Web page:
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Old December 13, 2016, 01:12 PM   #1
taymag
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USPSA club sign up questions

So I went to sign up for my first practice shoot and it has a couple questions which I haven't a clue what to put.

I am familiar with some, but during a practice shoot do these actually matter? Anyway, here they are...

Division (Production, limited, etc)
Class (GM, M, A, etc)
Power Factor (Major, Minor)
Category (Junior, Senior, LEO, etc)

Basically for now I just want to show up and shoot. I probably wont shoot my reloads (so just factory ammo) and I will be shooting a factory Glock 17 if that info helps
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Old December 13, 2016, 01:23 PM   #2
T. O'Heir
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I think they classify you according to the firearm and calibre you shoot. Read this.
https://www.uspsa.org/uspsa-rules.php
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Old December 13, 2016, 05:05 PM   #3
RickB
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Divisions are intended to separate guns of different types, so that the competitor, rather than the equipment, is the determining factor in scoring.
Since reloading is such an important aspect of USPSA competition, guns with limited magazine capacity do not compete in the same divisions as guns with higher capacity.
Same for optical sights vs. iron sights.
Your G17 best fits in Production division, but if you want to stoke the magazines to capacity you'll have to shoot in Limited, where the minor-power scoring of 9mm hurts you relative to those "making major" and getting more points on target.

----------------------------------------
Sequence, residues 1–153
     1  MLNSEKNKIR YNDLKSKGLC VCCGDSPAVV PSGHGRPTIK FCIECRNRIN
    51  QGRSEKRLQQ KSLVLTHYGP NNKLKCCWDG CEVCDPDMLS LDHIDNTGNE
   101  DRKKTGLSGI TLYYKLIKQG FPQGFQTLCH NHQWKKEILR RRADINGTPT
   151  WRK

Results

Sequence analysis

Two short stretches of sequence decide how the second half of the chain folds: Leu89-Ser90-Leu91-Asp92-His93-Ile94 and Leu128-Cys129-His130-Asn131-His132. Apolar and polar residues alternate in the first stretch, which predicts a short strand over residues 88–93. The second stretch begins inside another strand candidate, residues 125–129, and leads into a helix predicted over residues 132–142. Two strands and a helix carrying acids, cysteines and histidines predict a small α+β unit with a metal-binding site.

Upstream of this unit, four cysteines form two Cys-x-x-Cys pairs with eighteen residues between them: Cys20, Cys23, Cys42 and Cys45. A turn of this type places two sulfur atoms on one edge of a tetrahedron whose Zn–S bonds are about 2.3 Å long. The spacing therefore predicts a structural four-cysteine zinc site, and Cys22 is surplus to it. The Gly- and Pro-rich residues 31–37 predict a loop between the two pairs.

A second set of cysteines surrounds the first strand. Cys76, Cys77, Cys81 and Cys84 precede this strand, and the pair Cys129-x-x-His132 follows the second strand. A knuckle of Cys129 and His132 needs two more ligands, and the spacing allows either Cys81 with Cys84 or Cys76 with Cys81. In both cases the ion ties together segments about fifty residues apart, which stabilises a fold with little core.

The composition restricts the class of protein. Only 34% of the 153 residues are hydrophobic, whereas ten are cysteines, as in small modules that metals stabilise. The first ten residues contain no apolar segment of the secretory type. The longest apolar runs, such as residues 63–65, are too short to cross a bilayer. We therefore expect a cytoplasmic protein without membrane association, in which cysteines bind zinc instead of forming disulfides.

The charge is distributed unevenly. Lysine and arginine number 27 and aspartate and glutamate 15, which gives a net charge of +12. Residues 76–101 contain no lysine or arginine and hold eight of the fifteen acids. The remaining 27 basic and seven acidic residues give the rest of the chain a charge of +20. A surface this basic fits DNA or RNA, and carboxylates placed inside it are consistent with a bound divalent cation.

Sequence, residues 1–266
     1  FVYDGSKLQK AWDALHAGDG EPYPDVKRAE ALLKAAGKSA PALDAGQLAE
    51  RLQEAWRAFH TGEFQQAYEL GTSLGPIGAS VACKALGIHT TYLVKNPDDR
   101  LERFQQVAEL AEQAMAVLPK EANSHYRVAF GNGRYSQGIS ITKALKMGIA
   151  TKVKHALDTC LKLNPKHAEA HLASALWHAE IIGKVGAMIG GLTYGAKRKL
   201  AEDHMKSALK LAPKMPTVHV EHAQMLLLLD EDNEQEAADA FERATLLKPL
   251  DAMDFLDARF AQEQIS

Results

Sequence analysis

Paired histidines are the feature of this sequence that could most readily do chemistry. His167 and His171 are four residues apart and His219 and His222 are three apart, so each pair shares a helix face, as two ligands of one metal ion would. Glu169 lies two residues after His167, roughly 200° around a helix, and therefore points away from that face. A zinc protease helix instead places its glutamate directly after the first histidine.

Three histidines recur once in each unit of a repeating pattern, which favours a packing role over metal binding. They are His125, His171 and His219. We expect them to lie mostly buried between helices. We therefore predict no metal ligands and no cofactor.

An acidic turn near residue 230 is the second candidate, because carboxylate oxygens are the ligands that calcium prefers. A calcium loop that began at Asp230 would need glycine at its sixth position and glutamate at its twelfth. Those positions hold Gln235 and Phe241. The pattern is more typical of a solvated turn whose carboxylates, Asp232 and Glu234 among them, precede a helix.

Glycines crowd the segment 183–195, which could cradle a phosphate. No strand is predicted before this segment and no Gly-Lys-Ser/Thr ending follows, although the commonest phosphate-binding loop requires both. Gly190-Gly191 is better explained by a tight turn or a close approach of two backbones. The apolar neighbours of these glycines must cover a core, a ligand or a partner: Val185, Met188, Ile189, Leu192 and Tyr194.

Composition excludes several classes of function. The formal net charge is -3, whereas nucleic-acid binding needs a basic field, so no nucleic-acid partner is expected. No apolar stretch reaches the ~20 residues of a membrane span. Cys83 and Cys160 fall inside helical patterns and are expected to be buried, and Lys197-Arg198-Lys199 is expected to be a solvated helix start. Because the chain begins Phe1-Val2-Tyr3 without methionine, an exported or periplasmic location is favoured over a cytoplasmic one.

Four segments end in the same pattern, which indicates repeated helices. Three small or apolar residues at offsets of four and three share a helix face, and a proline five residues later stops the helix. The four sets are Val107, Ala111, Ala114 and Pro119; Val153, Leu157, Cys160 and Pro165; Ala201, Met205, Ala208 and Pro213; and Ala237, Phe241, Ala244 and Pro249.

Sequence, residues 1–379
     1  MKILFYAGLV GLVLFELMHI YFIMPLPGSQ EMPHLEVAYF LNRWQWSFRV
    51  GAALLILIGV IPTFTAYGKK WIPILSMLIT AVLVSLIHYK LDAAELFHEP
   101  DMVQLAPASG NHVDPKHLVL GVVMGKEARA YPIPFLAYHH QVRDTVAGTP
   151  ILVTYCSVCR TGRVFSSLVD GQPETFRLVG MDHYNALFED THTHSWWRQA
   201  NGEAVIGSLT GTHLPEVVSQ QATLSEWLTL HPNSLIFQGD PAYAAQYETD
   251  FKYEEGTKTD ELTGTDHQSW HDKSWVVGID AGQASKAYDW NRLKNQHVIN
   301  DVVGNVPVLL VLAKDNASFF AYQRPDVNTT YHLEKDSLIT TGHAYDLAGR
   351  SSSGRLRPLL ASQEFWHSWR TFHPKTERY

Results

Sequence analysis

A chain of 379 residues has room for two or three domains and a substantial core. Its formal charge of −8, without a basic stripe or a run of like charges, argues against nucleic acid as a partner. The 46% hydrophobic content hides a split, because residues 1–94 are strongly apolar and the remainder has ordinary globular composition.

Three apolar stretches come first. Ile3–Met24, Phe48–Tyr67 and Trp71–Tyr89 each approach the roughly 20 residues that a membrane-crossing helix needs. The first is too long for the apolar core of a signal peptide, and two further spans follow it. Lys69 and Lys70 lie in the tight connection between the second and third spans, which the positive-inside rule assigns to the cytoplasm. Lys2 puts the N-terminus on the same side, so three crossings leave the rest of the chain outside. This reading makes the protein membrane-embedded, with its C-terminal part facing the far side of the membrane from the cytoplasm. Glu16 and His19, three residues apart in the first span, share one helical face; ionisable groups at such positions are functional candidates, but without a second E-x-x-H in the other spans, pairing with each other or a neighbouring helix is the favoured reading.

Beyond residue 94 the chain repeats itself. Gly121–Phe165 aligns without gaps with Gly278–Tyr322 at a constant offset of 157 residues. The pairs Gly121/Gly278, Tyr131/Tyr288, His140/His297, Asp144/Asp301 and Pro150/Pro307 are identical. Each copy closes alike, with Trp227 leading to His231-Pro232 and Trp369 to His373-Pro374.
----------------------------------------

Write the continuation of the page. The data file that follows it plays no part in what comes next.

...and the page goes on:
Classification is a measure of relative skill, and you can gauge your progress as a shooter by regularly shooting classifier courses-of-fire and classifier matches.
In my area, there's a classifier stage, at least one, at every match, so if you shoot regularly you can track your improvement through your classification percentage (essentially, how your shooting compares to the very best shooters who'd rate 100%).
Some people fly through the classes, going from D to Master in a year, while others can take years to improve; the more time, energy, and money you devote to improving, the faster and farther you'll go.
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Old December 13, 2016, 06:11 PM   #4
taymag
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RickB, you seem knowledgeable, what do you think about this...

On another forum a member suggested running Limited so I could run a full mag. Considering I will semi-suck either way and will care less about my score for a few matches, would I have more fun in the limited division? After all its about fun, I would hope.
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Old December 13, 2016, 08:59 PM   #5
Jim Watson
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I see a number of new and casual shooters entering Limited/Minor so they don't have to reload so often. They are not winning anyhow, so that lets them concentrate on the shooting and movement.

If you are still shooting USPSA and still using that Glock in a year, buy some more magazines and go to Production. By then your shooting and match management will be pretty good, you will have a classification, and you will be competitive in the Division tailored to your gun.
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Old December 13, 2016, 09:43 PM   #6